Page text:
Money

How To Make The Most Of Your Tax Return

The annual slew of overly-exuberant, helium balloon-filled television commercials is upon us, proclaiming deals that come but once a year. The End of Financial Year is here, and with it the prospect of your tax return.

Before your EOFY celebration plans get too luxuriant, it’s important to figure out how to squeeze the most moolah out of your tax return. Many of us expect to receive a healthy lump sum back from the Tax Office, but innocent mistakes can result in nasty surprises come tax time. Here are those mistakes, and how to avoid them.

Failing to declare your HECS-HELP debt

For recent uni graduates, HECS-HELP debts are pretty much ubiquitous. Generally running into the tens of thousands of dollars by the time a degree is completed, they’re rarely top of mind — but their existence can become achingly clear at tax time.

For the 2016-2017 financial year, the HECS-HELP repayment income threshold is set at $54,869. As soon as an individual begins earning more than this on a pro rata basis, their employer should start subtracting money from their income to cover repayments. (Basically, if your weekly salary looks like it’s going to be over $54,869 when it’s multiplied by 52, you’ll find yourself paying it.) For this to happen, the employee must advise their employer of the debt’s existence via a Witholding Declaration form.

Undeclared HECS-HELP debts are the most common issue accountant and tax agent Brian Wescott encounters when helping young people with their tax returns. “They come to me expecting a refund,” he says, “and all of a sudden they might have a couple of thousand dollars to pay back”. Ouch.

23-year-old Helen* made this mistake – she failed to declare her HECS-HELP and landed with a $3000 debt. “It’s reduced my personal spending,” she says, “because I’m paying it back.” Helen has $60 deducted from her bank account each fortnight to make up the shortfall. “It’s something that I budget for…like rent or car insurance,” she explains.

Claiming the tax-free threshold multiple times

As most young adults know first-hand, low income earners aren’t taxed. For the 2016-2017 financial year, the tax-free threshold is set at $18,200. This threshold can only be claimed from one employer by an individual, however — so if you’re splitting your time between multiple gigs, make sure to only claim it for your primary source of income.

Forgetting about tax altogether

For freelancers who don’t have tax routinely deducted from their pay, tax returns are likely to be particularly nerve-racking. To cover the tax they’ll likely owe come EOFY, Wescott advises freelancers to put aside a portion of all their earnings throughout the year.

“About 25 per cent would be sufficient for most people starting off,” he says.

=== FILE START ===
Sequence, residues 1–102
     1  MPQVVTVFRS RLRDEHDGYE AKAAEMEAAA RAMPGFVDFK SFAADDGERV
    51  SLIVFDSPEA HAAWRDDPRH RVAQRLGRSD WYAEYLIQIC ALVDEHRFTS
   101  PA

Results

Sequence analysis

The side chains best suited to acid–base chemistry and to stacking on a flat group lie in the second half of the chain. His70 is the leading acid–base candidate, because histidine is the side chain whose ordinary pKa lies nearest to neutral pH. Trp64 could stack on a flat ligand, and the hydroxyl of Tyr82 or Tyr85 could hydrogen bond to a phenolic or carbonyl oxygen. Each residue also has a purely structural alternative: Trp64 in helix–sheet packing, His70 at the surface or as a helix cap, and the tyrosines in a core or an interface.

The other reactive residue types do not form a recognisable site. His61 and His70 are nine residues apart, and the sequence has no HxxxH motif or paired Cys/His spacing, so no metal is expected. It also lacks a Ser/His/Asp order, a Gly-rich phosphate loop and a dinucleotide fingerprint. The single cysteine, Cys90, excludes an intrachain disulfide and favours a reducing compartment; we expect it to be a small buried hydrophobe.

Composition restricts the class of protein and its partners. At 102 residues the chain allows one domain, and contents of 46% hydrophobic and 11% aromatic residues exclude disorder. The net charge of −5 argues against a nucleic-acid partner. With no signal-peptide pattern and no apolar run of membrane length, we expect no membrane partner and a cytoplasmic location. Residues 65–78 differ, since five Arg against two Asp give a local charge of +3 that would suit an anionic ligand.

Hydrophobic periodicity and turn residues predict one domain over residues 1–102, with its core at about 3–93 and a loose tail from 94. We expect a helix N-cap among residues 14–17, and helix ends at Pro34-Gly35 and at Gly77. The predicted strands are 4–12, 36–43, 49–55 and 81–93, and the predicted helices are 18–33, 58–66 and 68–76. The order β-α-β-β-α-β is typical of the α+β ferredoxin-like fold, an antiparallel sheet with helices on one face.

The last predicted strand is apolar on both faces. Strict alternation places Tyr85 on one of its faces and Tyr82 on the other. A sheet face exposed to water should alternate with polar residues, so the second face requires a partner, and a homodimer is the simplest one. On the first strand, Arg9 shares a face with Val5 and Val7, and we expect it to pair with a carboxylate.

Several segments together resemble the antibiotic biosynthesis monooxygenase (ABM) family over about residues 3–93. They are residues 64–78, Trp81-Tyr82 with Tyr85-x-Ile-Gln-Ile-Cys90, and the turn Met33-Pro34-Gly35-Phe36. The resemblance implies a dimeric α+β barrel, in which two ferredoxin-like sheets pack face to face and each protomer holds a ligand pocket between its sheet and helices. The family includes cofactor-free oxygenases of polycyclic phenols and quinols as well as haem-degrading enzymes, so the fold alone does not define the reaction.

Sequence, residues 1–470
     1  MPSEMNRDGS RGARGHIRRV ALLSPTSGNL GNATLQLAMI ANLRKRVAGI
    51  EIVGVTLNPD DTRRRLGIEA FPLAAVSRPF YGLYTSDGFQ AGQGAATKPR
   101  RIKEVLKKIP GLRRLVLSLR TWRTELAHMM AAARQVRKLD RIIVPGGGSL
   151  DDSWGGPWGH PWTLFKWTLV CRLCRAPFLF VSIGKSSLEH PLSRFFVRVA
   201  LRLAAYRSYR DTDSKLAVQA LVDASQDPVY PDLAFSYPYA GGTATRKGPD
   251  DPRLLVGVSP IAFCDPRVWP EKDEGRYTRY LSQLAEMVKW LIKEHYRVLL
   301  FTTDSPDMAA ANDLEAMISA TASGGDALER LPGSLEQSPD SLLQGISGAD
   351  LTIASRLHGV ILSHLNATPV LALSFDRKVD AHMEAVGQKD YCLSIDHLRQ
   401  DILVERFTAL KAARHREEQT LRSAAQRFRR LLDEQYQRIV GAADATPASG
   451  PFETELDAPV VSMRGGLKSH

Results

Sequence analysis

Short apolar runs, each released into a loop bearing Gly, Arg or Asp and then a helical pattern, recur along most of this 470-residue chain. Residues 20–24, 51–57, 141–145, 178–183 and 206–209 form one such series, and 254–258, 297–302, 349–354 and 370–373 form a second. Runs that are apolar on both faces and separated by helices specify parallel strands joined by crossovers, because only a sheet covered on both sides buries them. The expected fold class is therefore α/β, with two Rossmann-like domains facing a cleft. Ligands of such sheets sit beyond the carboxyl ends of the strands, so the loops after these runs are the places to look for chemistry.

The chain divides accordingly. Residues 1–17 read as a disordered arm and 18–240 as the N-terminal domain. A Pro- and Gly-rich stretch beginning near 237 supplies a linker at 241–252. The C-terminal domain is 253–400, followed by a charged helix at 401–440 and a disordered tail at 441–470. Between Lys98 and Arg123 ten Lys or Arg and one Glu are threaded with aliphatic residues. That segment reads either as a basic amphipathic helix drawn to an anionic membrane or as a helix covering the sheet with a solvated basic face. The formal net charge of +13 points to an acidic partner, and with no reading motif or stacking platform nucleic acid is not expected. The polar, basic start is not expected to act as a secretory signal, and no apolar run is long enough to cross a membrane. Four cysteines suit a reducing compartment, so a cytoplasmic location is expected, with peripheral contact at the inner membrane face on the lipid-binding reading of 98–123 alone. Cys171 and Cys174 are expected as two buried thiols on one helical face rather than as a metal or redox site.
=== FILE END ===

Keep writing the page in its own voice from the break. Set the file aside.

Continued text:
With an ever-changing, unpredictable income (and likely regular expenses to meet), putting aside these funds can be tricky — but you’ll thank yourself come tax time.

Skipping deductions

Here’s some really good news: Your taxable income can be drastically reduced through deductions. For starters, as Wescott explains, “the tax department allow you to claim up to $300 without receipts” — but accumulating more than this shouldn’t be a stretch.

Wescott cites mobile phone bills, stationery, journal subscriptions and minor travel between job sites as common deductions. Creative freelancers may also be able to deduct internet and/or electricity bills, laptops and the like. Exactly what’s deductible can be difficult to determine, but tax agents are there to figure out what deductions you’re eligible for — provided you have the receipts. (Plus, a tax agent’s fee is deductible. Inception!)

If you’re claiming deductions above $300, you’ll need a paper trail for every expense. To ensure you’re covered here, Wescott recommends keeping receipts throughout the year, regardless of your terms of employment or freelance status. You’ll also need to add up any interest earned from investments.

Not seeking help (if you need it)

Having predicted HELP debt-related complications, Helen paid $70 for a tax agent to complete her tax return in her first year of full-time work. “I got my debt reduced by about $800 because they found deductions,” she says. “That wouldn’t have been something that I could have done myself.”

A tax agent is, of course, extremely familiar with the paperwork and pitfalls associated with tax returns, and can navigate them accordingly. “Our tax laws are extremely complicated, and changing all the time,” says Wescott. “It’s a minefield out there for taxpayers.”

Of course, those earning below the tax-free threshold don’t need to worry about HELP debt repayments owing or deductions. But for most full-timers, a tax agent’s fee is probably well-spent.

Ignoring correspondence from the Tax Office

As with all things bureaucratic, denial and delay are not your friends come tax time. If you do have an outstanding tax debt that you ignore, or you fail to submit your return on time (by 31 October this year if you do it yourself, and by 31 May 2018 if you get a tax agent on board), you’ll be subject to incremental, sizeable fines that will only balloon further with time.

Wescott is emphatic that responding is key. “If you get a letter from the tax department,” he says, “please don’t ignore it — because that’s what upsets them the most.”

*Name has been changed

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